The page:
COST OF DISORDERS OF THE BRAIN IN SLOVENIA*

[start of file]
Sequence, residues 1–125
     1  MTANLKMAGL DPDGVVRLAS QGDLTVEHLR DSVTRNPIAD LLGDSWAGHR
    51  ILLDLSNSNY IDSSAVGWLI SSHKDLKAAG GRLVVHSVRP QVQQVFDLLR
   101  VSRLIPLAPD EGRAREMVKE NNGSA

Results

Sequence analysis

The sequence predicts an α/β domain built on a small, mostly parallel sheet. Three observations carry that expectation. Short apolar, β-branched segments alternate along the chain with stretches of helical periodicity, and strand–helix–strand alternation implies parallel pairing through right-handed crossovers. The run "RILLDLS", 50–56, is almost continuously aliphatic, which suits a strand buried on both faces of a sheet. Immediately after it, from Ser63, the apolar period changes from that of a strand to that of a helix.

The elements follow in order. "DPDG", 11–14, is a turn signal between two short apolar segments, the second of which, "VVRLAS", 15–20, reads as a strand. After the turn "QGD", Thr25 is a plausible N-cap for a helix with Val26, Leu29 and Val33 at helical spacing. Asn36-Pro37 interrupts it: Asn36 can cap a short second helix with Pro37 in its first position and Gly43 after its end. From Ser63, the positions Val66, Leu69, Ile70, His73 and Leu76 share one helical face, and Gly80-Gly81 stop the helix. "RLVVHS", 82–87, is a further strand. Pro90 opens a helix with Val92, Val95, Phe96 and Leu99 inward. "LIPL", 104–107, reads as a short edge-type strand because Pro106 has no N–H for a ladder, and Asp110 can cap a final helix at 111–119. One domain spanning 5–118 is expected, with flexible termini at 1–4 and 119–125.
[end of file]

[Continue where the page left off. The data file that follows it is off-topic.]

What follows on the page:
AbstractWhereas there are many publications on disorders of, for instance, heart or kidney function, there are few, if any, on brain disorders, which are traditionally viewed separately asmental, neurological or neurosurgical disorders. There are, however, marked similaritiesand shared interests between the fields and, most importantly, basic neuroscience is equally relevant for all clinical problems. The European Brain Council has analysed the burdenand the cost of brain disorders in Europe. The aim of the present text is to report data forSlovenia.Twelve different disorders (or groups of disorders) of brain believed to have the highestcost (addiction, affective disorders, anxiety disorders, brain tumours, dementia, epilepsy,migraine and other headaches, multiple sclerosis, Parkinson’s disease, psychotic disorders,stroke, and trauma) were analysed. Epidemiology data for Europe were collected as12-month prevalence data for disorders by country and stratified according to age,gender, and disorder severity. Because little original data were available for Slovenia,extrapolated data were used. Health economic data (representing direct medical costs,direct non-medical costs, and indirect costs) being transformed into euros for the year2004 were entered into a health economic model.The total number of brain disorders in Slovenia amounted to 570,000 in 2004, and whencorrected for co-morbidity, 1/5 of the Slovenian population have a brain disorder. Inparticular, this is 39,000 alcohol dependents and illicit drug dependants, 105.000 affectivedisorders, 195,000 anxiety disorders, 178,000 migraine, etc. The total cost of all includedbrain disorders in Slovenia was estimated at 833 million euros, the most costly beingaffective disorders, dementia, and addiction. It should be mentioned that both the epidemiological data and the resulting cost are significantly underestimated for several disorders,particularly stroke. Direct health care cost mounted to 403 million euros and constituted48 % of total cost; 6 % of the total cost present drugs for brain disorders. Thus brain disorders in Slovenia constituted 14 % of the total direct health care cost in Slovenia and 9 % oftotal drug costs. The total cost of brain disorders constituted 2 % of the gross nationalproduct of Slovenia.The preparations for this study have revealed an important lack of epidemiological andhealth economical data of brain disorders in Slovenia which should serve to promote thesestudies in future. The estimated costs are nevertheless thought to present a relatively good measure of the real picture. The significance of these costs has not really been appreciatedso far due to the particularisation of psychiatric, neurological, and neurosurgical disorders into individual compartments. Data should be useful for strategic planning of healthcare, research, and education.
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